Broiled Salmon salad was an excellent way to cleanse our palate.  It as cooked to perfection by Buddy Boy Smith, our Canadian friend.  Buddy made every serving for a dog of his size and strength so us little dogs got very big helpings.
We were taken back to international cuisine by our sweet friend Luca who presented us with a barbequed meat dish called Asado.  The meat melted in our mouth.  It was heavenly, as was Luca’s smile.
Playful Sydney bounded in with the next course, a lovely risotto.  It was made perfectly, just as everything Sydney does is perfect because she has always been an outstanding example of a perfect dog.
I became angry when I saw a cat jump on the table with a slice of salmon in his mouth until I saw it was my dear friends Barney the Cat.  I asked him to come to me and told him that all her cat friends were welcome at our table.  If the Indians could invite the settlers then why couldn’t I invite the cats?  Barney thanked me and said the kitties had their own meal, but he hoped to return by desert.
Before Barney left she smelled Walleye and turned to see Ruger walking in with big plates of Walleye.  He gave a large portion to everyone then gave Barney a piece and a kiss before he ran off to the kitty feast.
Pintus followed with deep bowls of Posole.  At first, I wasn’t sure about this odd dish, but when I began to eat it, I slurped it all down and gave Pintus a big kiss of gratitude.  
Noel arrived at the Bridge without a family, but he was quickly adopted by several of the pup mom’s living at the Bridge.  He never learned how to cook, but he was more than happy to clear the dishes thrilled to be part of  Thanksgiving dinner for the first time in his existence.
Brutus was next with bottle of his famous Brutus the Bulldog beer that has become very popular at the Bridge.  It is a delicately made micro-brew with a tough edge made with love, just like Brutus.
The regal Cocoa Puff came next with a beautiful chocolate truffle ganache.  It was light and delicate and brought everyone a smile just like Cocoa.  And of course, she had kisses for everyone.  
My little friend Tiny, a fellow Yorkie, brought over some lovely chicken salad finger sandwiches from chickens that she raised herself.  Tiny didn’t have to kill the chickens.  They were more than happy to lend a wing  Tiny is such a sweet dog animals give up body parts for him.
Janie is one of the luckiest dogs here because she is living with her parents who preceded her here but she still came by with a plate of freeze-dried liver for us which was very nice of her.
We heard the sound of drums and saw fireworks going off in the sky.  Beaux-Jangles appeared around the bushes banging on a bass drum and wearing a hat with fireworks exploding out of the top.  He stopped and wiggled his butt in front of us then did a dance which caused a cloud to appear over us.  Suddenly it opened, and margaritas poured down on us.  We were out of Brutus Beer, so Beaux Jangles’ margaritas were welcome.
Nora came out next with some waffles for us which went great with the margaritas.  Nora served her waffles with sweet syrup and a welcome kiss.
We needed a break from food, and we were very lucky to have Dory and Bilbo come out next with wonderful, sweet-smelling flowers for all of us.  I made sure to save my flowers because they were so beautiful, as are Dory and Bilbo. There were flowers from all over the world.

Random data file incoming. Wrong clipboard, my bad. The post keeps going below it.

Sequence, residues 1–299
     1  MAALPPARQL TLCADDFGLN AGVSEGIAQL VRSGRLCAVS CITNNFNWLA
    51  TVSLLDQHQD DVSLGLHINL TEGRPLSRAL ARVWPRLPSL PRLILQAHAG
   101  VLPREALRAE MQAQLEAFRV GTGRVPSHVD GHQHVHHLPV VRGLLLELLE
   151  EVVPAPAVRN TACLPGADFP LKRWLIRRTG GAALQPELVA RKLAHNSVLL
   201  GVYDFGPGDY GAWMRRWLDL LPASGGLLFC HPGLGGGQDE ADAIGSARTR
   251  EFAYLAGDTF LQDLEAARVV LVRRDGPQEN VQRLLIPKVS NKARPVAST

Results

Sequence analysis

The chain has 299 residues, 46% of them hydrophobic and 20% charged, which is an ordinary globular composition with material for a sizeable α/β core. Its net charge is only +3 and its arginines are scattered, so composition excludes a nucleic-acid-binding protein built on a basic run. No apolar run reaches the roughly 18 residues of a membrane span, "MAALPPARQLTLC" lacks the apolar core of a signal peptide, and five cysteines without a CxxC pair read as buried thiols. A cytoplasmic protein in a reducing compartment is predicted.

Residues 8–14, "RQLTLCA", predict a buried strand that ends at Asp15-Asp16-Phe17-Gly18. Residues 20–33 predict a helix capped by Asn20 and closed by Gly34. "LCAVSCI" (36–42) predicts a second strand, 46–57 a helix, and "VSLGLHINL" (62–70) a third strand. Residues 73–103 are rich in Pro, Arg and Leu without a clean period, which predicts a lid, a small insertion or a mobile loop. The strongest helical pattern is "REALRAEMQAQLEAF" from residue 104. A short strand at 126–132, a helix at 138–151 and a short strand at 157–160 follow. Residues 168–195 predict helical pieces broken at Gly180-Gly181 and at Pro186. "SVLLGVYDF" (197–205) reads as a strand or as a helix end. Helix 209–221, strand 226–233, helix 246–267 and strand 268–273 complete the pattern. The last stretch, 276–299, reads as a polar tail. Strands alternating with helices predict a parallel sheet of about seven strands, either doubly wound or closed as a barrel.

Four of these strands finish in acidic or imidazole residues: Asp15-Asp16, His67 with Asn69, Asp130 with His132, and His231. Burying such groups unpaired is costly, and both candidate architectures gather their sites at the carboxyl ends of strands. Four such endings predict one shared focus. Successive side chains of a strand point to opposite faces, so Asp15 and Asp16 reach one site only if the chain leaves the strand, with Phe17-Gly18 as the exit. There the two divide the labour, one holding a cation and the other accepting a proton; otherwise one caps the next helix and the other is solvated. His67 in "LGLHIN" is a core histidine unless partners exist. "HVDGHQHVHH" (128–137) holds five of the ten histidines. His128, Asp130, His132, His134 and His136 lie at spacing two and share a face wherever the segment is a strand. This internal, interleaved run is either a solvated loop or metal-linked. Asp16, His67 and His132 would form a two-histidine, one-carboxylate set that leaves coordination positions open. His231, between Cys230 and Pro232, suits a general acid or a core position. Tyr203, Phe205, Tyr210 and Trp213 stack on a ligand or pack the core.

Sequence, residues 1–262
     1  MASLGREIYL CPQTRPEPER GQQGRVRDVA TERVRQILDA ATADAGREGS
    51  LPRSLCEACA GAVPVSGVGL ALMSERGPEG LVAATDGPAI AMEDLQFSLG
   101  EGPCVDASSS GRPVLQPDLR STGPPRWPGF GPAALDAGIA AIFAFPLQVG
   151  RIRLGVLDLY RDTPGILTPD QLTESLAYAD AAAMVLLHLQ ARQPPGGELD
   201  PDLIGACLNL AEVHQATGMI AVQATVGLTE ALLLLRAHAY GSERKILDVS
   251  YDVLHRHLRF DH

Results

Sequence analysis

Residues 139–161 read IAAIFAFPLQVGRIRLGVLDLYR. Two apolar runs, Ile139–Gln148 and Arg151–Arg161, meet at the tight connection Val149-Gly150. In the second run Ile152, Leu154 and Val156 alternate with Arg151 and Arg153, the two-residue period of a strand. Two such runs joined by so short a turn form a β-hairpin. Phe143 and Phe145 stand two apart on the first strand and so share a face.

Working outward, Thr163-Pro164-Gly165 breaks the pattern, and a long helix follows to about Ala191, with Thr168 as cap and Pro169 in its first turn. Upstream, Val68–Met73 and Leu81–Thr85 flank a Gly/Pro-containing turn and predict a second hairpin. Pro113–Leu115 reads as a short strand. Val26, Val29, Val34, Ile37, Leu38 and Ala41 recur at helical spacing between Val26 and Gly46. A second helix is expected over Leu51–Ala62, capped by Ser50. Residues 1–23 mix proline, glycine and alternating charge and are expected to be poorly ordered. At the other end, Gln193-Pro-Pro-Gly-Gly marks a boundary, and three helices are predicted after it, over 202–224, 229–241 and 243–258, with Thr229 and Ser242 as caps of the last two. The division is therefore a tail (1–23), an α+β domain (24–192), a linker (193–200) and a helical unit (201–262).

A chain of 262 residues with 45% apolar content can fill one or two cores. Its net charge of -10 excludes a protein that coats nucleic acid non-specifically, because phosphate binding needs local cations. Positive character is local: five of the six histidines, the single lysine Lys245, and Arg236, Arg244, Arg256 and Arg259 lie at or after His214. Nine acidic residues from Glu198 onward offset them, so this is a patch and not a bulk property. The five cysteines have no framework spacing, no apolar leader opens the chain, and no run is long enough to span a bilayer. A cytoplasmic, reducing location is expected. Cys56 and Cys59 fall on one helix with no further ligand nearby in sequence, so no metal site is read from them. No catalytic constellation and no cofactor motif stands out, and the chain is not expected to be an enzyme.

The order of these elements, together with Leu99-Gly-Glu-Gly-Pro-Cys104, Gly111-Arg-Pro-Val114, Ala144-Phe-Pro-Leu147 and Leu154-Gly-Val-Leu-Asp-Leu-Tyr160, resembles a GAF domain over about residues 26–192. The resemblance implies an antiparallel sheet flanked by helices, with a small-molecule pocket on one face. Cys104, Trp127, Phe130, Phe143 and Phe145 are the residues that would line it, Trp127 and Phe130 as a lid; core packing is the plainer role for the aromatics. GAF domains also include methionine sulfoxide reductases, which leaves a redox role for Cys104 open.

The minions serving us brought out a steaming bowl of potatoes.  When we stuck our spans in it, Mr. Bailey sprung out from the middle and began throwing potatoes at us.  We had a cool potato friend with our Idaho pug friend before sitting down to eat some spud.
Pancho, who was saved by Angel Apollo’s Mom, didn’t ever find his own family, but he is a permanent member of Apollo’s pack.  And he brought us delicious corn on the cob, and he took the husks to spell out thank you to Momma Kimberli for saving him and giving him a family.
Then came the gastronomical highlight of the meal.  Hannah Banana was known as a magical creator of dog treats when she was mortal, and now that she has had a few months to work with the world’s immortal chefs her treats have become truly heavenly.  There was not a single crumb left.  The meal was made unforgettable because we shared it with Hannah, a truly unforgettable dog.
Tupper and Max’s special sister Minnie brought with her some wine to help wash down Hannah’s delicacy.  Minnie was very cute pouring us our drinks.  She made Tupper and Max proud.
Deuce was a senior dog, abandoned and alone when Miss Kimberli took him in and made him part of her pack.  To make sure Deuce knows he has a family now Apollo gave him some of his special bacon cigars to pass out us.
If Junior Johnson brought us All-American hamburgers, it was only right for his sister Chelsea to bring us All-American hot dogs. They tasted incredible.  The best part was watching Chelsea, and Junior run and play with one another while we ate.  I could watch those two chase one another all day long.
Jazzmin was next, and what goes better with hot dogs than popcorn.  Jazzmin popped it right in front of us and made it to order.  It was very good, and Jazzmin gave everyone a sweet kiss.
Otis from the All in the Family pack followed him with a big tub of chocolate ice cream.  I didn’t think I had any more room for food but who can resist ice cream?  Not me.  
I knew I could not finish another bite, but Cappy had the biggest, most delicious chocolate cake I had ever seen.  I moved around some internal organs to make more room and had myself a piece and a friendly pat on the head from my friend good friend Cappy.